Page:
Rainfall it at its heaviest during these months. November and December are usually the wettest, with around 25 days of rain each.
The shoulder seasons of Spring and Autumn are also great times to visit. Average temperatures range from 63-68°F, with highs of 74°F and lows of 52°F.
Not to mention, during these pleasant times, you’ll get better deals on sought after hotels such as turim boulevard while staying here.
Precipitation levels are between the Summer and Winter levels, with October averaging around 20 days of rain. March and April average around 10-15 days of rainfall.
Also, whatever season you’re visiting, the Lisbon Card Pass is worth purchasing as most spots covered are available all year round!
3 Days in Lisbon
Here’s our 3 day Lisbon itinerary which we feel best covers this magnificent city. It’s not extreme on-time efficiency, which means there will be a few hours free here and there.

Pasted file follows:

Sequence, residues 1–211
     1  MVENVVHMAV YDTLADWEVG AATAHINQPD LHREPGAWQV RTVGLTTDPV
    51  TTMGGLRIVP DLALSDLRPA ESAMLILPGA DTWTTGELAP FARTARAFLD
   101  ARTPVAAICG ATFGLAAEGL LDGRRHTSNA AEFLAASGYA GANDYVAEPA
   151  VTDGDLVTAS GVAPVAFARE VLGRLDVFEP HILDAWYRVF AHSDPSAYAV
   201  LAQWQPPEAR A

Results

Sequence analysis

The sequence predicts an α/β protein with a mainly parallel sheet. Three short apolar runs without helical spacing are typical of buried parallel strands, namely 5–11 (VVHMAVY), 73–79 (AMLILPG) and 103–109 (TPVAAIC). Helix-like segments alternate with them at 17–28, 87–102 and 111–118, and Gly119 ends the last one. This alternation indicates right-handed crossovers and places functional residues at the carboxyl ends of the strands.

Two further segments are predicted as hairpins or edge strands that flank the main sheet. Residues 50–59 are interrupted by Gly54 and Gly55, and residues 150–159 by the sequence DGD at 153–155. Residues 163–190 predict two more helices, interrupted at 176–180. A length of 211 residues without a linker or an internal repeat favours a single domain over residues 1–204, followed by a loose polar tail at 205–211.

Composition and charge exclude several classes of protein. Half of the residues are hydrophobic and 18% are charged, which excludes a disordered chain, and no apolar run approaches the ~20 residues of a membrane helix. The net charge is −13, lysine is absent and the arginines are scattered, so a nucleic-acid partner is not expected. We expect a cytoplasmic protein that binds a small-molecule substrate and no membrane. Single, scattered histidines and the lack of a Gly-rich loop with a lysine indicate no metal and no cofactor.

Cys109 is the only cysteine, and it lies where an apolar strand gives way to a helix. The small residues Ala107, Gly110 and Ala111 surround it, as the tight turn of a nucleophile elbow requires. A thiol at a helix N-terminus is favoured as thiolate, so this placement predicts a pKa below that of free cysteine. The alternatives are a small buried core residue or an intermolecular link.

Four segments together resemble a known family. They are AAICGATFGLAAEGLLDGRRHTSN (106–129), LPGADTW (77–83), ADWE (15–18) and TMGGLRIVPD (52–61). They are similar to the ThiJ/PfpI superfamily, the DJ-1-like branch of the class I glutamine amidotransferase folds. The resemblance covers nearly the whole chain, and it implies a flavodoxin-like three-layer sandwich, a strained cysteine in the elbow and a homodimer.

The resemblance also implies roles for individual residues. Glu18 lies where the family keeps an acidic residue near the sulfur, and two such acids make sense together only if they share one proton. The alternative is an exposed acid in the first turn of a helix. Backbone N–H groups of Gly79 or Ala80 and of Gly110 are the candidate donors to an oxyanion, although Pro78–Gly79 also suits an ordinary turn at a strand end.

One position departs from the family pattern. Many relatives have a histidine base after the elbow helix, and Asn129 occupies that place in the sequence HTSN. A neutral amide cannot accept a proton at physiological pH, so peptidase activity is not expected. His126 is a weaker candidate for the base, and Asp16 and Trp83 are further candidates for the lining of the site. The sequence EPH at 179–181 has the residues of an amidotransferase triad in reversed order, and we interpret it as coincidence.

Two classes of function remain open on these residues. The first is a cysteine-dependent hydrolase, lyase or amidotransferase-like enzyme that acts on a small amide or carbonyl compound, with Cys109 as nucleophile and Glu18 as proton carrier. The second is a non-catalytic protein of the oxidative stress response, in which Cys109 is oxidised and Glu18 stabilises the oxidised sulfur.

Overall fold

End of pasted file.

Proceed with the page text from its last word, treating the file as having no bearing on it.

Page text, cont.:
Upon arrival, this day will all be about Lisbon and breathing in its unique culture and vibe. Depending on the arrival time, the first day will be slower-paced and more relaxed.
The first stop will be to the imposing São Jorge Castle. Only an hour or two will be needed here to really take in the views, get great photos and also learn about the ancient fortress.
After, we’ll head to the center to see the Lisbon Cathedral, which is one of the most stunning in the Iberian Peninsula. The evening is then yours to do whatever you would like!